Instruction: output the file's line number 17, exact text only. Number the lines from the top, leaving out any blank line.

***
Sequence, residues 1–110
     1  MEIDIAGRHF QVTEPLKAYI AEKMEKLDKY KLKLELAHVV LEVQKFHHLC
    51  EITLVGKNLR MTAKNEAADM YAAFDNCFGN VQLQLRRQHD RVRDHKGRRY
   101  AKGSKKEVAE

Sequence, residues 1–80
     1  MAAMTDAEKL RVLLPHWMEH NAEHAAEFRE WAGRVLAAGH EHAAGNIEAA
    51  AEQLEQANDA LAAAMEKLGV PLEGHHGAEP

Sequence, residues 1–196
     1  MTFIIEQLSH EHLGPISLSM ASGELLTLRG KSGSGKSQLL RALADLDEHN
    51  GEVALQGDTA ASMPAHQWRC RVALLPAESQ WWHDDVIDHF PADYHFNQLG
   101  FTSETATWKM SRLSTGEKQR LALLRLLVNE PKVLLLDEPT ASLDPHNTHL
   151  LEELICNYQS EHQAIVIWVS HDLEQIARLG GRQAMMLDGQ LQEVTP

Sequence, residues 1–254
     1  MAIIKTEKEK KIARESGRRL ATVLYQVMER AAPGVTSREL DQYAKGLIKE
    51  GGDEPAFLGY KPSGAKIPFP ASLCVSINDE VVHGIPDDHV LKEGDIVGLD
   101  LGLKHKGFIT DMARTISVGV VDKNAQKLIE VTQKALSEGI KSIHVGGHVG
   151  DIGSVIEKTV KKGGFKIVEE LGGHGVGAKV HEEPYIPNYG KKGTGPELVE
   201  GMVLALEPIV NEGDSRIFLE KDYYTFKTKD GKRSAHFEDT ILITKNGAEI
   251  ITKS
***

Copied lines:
   151  DIGSVIEKTV KKGGFKIVEE LGGHGVGAKV HEEPYIPNYG KKGTGPELVE